So here is the good news…while the short term is challenging, what comes after looks incredibly bright. Our parent company Comcast is strong and is doing a great job keeping a large part of this country connected. And when we think ahead to 2021, we have a lot to look forward to. The virus will pass, our world will return to normal, and when it does, we will be poised to have one of the busiest and most exciting years in our company’s history.
2021 will bring the opening of a new theme park in Beijing, followed by the Tokyo Olympics (followed in early 2022 by another Olympics, a Super Bowl and the World Cup!). We will have the return of our tentpole films like F9 and Minions: The Rise of Gru, and an avalanche of new TV shows. And all of this will serve to supercharge our critically important Peacock streaming service, which will launch as planned this year while people are home, and then use promotion like the world has never seen in 2021 to grow.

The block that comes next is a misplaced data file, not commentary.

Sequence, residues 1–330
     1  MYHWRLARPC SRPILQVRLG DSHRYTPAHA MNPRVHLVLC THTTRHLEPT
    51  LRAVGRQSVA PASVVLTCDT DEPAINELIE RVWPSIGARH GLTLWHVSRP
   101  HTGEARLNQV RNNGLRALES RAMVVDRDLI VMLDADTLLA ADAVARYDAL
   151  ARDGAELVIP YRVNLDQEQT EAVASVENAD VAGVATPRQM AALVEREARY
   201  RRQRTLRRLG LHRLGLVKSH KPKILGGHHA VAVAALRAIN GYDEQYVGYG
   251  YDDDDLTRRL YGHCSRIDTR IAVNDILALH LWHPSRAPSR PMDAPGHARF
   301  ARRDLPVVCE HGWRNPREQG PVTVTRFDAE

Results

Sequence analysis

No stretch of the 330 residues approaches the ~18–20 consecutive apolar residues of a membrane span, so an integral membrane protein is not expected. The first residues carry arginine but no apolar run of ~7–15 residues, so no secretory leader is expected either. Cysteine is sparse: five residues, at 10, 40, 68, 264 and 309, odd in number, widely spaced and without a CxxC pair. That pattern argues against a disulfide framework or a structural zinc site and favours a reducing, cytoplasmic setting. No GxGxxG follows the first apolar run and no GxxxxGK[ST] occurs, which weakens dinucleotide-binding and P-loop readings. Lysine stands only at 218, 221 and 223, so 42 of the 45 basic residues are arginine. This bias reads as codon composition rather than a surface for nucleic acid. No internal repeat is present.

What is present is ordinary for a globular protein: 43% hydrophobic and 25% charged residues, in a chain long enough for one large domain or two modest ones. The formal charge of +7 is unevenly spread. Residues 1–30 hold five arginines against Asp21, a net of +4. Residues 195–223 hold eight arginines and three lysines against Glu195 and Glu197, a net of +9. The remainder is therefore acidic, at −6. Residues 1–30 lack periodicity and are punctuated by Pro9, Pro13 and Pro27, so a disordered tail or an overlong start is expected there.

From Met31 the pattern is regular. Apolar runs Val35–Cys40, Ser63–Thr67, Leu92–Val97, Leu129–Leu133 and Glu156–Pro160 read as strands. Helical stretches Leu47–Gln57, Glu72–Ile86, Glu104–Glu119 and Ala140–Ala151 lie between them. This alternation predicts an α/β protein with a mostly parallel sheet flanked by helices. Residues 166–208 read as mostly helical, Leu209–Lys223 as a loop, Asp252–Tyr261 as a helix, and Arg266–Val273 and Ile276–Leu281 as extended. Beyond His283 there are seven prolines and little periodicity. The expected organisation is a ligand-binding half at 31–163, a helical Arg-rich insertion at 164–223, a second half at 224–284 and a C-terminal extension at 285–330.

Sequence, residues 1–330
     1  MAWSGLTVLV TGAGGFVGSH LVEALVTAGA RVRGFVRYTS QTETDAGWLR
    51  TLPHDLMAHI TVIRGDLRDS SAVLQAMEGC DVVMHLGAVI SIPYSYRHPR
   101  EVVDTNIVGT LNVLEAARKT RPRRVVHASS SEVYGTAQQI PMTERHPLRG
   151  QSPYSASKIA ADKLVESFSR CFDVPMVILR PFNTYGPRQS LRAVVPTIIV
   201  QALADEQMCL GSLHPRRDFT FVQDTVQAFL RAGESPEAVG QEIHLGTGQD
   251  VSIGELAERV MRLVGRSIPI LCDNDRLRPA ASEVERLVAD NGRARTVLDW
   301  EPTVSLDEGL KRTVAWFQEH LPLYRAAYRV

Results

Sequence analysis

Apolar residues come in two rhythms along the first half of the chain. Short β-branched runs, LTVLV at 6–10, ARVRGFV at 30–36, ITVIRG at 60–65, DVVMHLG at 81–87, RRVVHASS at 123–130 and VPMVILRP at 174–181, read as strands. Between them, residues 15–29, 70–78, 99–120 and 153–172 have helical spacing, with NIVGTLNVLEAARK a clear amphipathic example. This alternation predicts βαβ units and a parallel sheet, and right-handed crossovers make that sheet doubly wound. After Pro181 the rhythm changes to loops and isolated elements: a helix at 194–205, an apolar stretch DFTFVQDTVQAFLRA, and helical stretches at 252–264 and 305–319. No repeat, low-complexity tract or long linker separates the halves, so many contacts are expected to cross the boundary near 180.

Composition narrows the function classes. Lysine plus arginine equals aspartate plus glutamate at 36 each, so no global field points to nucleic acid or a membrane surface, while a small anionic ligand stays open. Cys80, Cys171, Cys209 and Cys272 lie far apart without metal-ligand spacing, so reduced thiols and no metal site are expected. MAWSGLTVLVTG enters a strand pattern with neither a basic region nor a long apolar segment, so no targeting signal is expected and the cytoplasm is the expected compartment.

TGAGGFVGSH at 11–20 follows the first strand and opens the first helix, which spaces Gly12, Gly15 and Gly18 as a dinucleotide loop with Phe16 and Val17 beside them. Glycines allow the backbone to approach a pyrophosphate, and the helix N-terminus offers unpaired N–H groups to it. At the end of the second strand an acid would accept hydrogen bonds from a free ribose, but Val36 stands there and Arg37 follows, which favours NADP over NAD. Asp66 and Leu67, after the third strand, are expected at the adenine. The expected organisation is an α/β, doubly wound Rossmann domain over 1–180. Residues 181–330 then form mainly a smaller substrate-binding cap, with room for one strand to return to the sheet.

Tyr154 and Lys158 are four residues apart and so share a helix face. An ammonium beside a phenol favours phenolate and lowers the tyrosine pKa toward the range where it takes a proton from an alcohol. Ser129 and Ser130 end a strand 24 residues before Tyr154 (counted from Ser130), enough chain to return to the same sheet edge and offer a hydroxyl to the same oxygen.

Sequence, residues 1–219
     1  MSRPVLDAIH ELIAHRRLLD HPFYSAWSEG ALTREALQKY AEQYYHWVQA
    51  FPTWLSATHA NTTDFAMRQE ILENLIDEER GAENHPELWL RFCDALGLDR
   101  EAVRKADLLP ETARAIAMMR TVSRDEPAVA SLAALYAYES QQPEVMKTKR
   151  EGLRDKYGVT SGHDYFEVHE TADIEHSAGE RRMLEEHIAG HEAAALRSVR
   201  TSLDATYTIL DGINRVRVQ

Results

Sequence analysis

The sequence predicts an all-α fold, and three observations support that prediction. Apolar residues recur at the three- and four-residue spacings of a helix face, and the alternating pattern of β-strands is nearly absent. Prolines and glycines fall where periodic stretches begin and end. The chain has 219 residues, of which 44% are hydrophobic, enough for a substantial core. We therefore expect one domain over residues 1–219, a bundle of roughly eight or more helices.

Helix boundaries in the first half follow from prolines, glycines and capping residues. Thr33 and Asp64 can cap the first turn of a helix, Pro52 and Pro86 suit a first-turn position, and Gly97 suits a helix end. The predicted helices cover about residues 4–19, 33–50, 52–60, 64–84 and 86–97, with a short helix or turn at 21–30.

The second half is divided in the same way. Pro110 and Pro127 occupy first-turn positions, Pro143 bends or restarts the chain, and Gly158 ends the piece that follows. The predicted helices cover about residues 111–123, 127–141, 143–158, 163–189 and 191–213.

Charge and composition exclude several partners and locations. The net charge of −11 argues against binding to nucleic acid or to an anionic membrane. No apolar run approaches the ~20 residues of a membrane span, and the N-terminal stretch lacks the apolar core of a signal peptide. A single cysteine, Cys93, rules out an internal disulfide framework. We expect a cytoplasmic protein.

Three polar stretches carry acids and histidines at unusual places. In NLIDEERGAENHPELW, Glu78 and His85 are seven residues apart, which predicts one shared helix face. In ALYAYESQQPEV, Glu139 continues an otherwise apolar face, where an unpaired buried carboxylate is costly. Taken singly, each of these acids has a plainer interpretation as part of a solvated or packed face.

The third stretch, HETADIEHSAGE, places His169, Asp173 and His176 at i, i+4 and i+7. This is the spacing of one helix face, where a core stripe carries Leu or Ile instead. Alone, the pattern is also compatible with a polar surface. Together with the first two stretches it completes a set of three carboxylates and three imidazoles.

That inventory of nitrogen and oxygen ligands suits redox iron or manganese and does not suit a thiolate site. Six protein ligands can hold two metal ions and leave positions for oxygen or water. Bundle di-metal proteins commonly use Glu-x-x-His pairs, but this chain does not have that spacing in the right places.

The present may be challenging, but it is impossible not to feel optimistic about the future. In the meantime, please continue to take care of yourselves. I recognize how challenging these times are for everyone — both professionally and personally — and appreciate all that you do for this company.
Sincerely, Jeff Shell, Chief Executive Officer